By GINGER THOMPSON and DAMIEN CAVE
c.2010 New York Times News Service
PORT-AU-PRINCE, Haiti - As the focus on Saturday began turning away from Haitians lost to those who were spared, a sprawling assembly of international officials and aid workers struggled to fix a troubled relief effort after Tuesday's devastating earthquake.
While countries and relief agencies have showered aid on Haiti, little of it is reaching increasingly desperate Haitians who lack food, clean water or shelter. And across the city, there were reports of intensifying looting and violence, particularly around aid distribution points.
The problems, aid officials say, stem in part from the best of intentions. Countries around the world have responded to Haiti's call for help as never before. And they are flooding the country with supplies and relief workers that its collapsed infrastructure and nonfunctioning government are in no position to handle.
Haitian officials instead are relying on the United States and the United Nations, but coordination is posing a critical challenge, aid workers said. An airport hobbled by only one runway, a ruined port whose main pier splintered into the ocean, roads blocked by rubble, widespread fuel shortages and a lack of drivers to move the aid into the city are compounding the problems.
Across Port-au-Prince, hunger was on the rise. About 1,700 people camped on the grass in front of the prime minister's office compound in the Petionville neighborhood, pleading for biscuits and water-purification tablets distributed by aid groups. Haitian officials said tens of thousands of victims had already been buried.
President Barack Obama announced Saturday that former presidents George W. Bush and Bill Clinton would lead a national drive to raise money to help the survivors.
"Presidents Bush and Clinton will help the American people to do their part, because responding to disaster is the work of all of us," he said.
Later on Saturday, Secretary of State Hillary Rodham Clinton was to arrive here on a military cargo jet, and was scheduled to meet President Rene Preval in the afternoon to discuss continuing relief efforts. Her plane was bringing in more aid, including food and water supplies.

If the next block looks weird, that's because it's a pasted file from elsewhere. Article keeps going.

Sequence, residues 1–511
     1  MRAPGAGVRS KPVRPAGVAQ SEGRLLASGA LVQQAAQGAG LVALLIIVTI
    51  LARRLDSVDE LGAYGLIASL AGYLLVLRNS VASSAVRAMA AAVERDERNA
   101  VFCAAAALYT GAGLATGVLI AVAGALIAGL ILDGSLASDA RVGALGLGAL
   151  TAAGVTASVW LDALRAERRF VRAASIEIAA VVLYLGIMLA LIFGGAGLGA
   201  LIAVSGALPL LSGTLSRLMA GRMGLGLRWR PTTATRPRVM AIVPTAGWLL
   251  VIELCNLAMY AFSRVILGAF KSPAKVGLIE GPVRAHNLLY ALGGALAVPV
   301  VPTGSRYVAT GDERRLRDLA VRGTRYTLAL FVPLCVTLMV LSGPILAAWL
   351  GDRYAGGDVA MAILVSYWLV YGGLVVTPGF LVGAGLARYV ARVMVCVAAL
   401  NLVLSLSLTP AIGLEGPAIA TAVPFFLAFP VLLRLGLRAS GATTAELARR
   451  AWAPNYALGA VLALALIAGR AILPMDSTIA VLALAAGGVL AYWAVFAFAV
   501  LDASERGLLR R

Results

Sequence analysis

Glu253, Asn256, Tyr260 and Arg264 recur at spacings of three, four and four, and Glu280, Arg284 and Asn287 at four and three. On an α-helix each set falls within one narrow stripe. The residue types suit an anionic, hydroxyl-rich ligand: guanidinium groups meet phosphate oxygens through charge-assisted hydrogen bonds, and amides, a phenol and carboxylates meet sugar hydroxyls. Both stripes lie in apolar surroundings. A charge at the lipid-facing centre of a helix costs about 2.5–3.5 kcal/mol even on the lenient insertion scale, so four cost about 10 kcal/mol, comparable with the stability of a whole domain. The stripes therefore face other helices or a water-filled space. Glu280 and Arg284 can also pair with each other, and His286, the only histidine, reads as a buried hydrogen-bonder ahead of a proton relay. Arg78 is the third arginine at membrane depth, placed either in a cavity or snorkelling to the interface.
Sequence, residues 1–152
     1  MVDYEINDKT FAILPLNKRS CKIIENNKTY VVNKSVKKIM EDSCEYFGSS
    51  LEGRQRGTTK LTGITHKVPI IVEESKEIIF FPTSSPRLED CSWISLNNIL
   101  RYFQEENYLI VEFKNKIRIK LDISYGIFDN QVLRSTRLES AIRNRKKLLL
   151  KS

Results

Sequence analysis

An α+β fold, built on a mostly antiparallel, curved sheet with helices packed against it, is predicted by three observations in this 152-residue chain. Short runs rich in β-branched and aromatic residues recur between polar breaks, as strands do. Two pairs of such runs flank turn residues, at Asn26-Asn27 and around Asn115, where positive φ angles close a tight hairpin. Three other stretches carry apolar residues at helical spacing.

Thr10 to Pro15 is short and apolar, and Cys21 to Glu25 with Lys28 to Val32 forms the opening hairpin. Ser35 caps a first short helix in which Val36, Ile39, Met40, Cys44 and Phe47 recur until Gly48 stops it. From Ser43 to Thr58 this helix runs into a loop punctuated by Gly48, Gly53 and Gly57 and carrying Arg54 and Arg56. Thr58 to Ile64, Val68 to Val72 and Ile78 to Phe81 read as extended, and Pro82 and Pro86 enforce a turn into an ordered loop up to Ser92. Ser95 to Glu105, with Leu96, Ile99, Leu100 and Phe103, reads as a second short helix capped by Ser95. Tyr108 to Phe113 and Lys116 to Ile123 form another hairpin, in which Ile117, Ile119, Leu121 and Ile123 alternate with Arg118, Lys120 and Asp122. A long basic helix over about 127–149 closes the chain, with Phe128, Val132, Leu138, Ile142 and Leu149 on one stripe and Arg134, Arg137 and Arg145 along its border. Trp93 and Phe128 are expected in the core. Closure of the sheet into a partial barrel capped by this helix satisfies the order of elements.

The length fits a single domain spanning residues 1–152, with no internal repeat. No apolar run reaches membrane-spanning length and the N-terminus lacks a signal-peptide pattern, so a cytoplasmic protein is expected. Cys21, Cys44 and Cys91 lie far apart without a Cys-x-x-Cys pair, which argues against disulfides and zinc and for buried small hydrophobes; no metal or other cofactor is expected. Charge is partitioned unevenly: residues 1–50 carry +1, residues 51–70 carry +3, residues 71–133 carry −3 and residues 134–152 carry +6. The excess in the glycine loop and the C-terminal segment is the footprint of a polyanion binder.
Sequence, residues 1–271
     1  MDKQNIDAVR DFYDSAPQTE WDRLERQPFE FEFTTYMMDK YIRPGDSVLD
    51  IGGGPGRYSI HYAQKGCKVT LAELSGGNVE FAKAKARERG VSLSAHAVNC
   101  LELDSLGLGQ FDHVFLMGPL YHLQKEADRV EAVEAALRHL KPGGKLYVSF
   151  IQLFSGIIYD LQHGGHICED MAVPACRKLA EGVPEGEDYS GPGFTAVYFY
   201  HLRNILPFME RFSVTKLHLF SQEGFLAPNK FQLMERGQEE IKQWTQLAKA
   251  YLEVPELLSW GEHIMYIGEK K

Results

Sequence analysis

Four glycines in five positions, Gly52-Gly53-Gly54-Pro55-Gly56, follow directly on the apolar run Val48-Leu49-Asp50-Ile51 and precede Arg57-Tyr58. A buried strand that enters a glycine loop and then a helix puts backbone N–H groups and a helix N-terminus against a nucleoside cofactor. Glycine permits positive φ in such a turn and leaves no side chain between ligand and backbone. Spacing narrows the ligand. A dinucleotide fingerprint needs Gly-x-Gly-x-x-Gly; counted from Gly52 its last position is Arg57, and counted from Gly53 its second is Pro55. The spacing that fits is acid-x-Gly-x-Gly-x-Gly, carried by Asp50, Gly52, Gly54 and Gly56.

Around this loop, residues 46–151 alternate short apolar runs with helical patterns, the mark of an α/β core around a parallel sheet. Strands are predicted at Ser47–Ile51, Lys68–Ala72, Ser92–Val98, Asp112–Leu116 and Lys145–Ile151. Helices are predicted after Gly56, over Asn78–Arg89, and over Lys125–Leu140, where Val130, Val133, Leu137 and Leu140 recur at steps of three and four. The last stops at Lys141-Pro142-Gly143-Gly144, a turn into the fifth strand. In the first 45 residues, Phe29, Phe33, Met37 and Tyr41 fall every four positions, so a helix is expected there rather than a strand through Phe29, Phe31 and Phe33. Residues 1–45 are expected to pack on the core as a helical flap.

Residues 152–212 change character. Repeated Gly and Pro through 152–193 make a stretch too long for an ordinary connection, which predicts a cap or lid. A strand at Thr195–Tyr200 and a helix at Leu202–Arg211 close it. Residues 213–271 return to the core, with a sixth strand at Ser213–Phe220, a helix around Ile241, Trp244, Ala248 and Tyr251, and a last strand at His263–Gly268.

Even as the United States took a leading role in aid efforts, some aid officials were describing misplaced priorities, accusing U.S. officials of focusing their efforts on getting their people and troops installed and lifting their citizens out.
Four critical days after an earthquake flattened Haiti's capital, the World Food Program was finally able to land flights of food, medicine and water, desperately needed by tens of thousands of victims.
The United States is now managing air traffic control at the airport, helicopters are flying relief missions from warships off the coast, and 9,000 to 10,000 troops are expected to arrive by Monday to help with the relief effort.
The World Food Program flights tried to land Thursday and Friday, an official with the agency said. But those flights had been diverted so that the United States could land troops and equipment, and lift Americans and other foreigners to safety.
"There are 200 flights going in and out every day, which is an incredible amount for a country like Haiti," said Jarry Emmanuel, the air logistics officer for the agency's Haiti effort. "But most of those flights are for the United States military."
He added: "Their priorities are to secure the country. Ours are to feed. We have got to get those priorities in sync."
But U.S. relief groups said they were doing all they could. At the U.S. Embassy in Port-au-Prince on Saturday, U.S. rescue teams continued to roll out of the gate. Most of their equipment had arrived, and at any given time, the teams were working on several different piles of rubble throughout the city.